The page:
Several mechanisms are believed to underly the link between DD and hearing impairment. Deafferentation of the stomatognathic system can have systemic implications in the brain, restructuring sensory and motor cortices. This reactive process can trigger and aggravate neurodegenerative diseases, such as hearing impairment (24). It has also been proposed that the reduced vertical dimension of occlusion amongst edentulous patients impacts ear canal resonance and hearing (22). Peeters et al. sought to explore the extent to which hearing ability varied across the number of teeth and/or the number of occluding tooth pairs. Subjects were classified according into four groups: (I) complete dentures wearers in both jaws; (II) shortened dental arches; (III) full dental arches in both jaws; (IV) no occlusal stops (i.e., no occlusal vertical dimension). The authors determined that both air and bone conduction was significantly worse for subjects without vertical occlusion relative to the three other groups. Because edentulous subjects without occlusal stops had worse hearing loss relative to edentulous subjects with complete dentures, Peeters et al. believes that it is the loss of vertical dimension that influences hearing loss (23).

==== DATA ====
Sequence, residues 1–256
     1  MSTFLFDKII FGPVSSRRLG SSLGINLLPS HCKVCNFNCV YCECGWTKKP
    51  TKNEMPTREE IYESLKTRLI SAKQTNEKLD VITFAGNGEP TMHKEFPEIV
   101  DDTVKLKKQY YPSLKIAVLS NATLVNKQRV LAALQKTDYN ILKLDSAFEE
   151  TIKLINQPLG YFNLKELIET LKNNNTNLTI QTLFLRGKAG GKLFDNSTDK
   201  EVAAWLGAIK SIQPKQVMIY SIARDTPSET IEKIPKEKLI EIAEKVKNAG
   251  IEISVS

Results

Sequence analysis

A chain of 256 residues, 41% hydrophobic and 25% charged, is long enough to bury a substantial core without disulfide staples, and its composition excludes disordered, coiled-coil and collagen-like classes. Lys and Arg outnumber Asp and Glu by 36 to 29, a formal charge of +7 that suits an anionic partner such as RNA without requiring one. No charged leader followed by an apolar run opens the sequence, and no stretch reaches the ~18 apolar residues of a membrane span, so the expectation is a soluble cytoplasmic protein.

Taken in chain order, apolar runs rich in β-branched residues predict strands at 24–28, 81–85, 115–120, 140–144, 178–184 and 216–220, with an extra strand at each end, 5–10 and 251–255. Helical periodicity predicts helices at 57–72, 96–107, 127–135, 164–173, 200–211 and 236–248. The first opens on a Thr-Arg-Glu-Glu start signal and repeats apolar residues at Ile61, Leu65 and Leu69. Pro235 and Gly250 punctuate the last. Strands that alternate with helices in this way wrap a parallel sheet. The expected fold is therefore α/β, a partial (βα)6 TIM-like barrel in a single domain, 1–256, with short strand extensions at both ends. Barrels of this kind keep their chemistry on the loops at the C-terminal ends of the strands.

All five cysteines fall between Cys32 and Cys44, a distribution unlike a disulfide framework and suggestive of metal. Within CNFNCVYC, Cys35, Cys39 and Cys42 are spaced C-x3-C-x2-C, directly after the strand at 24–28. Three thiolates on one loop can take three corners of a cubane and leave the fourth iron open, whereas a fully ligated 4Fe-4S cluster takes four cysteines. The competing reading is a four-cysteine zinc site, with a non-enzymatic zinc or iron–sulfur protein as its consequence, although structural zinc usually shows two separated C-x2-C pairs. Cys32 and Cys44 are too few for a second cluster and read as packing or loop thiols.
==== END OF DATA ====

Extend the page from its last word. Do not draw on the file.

Finally, the low bone mineral density that characterizes periodontal disease, the terminal stage of which is edentulism, may be the culprit behind the resulting hearing impairment. The demineralization is believed to systemically pervade the aspect of the temporal bone that encapsulates the cochlea (24). A cross-sectional study on postmenopausal Korean women showed that low bone mineral density was a risk factor for hearing impairment (25).

DD and cognitive decline

Tooth loss and impaired mastication also have deleterious effects on cognition (26-34).

A 13-year longitudinal study investigating the association between the number of existing teeth and cognitive decline in China revealed the importance of a health dentition as a requisite to a healthy mind. By Mini-Mental Status Examination (MMSE), subjects expectedly illustrated cognitive decline with age. That being said, possessing a greater number of teeth significantly stalled the rate of cognitive decline (26). Another study conducted in Ecuador ended up with similar results. The subjects were classified according to whether they had severe edentulism (less than 10 teeth) or not. Cognitive functioning was gauged using the Montreal Cognitive Assessment (MoCA). After controlling for various cofactors, including dementia, MoCA scores among subjects with severe edentulism were significantly lower than those without severe edentulism (31). A cross-sectional study by Avlund et al. sought to determine whether cognitive function was related to oral disease in the elderly—159 individuals over the age of 80 were dentally and cognitively examined. Individuals with low cognitive exam score were four times more likely to neglect regular professional dental care. They also had a higher risk of coronal caries than individuals with higher cognitive exam scores (27).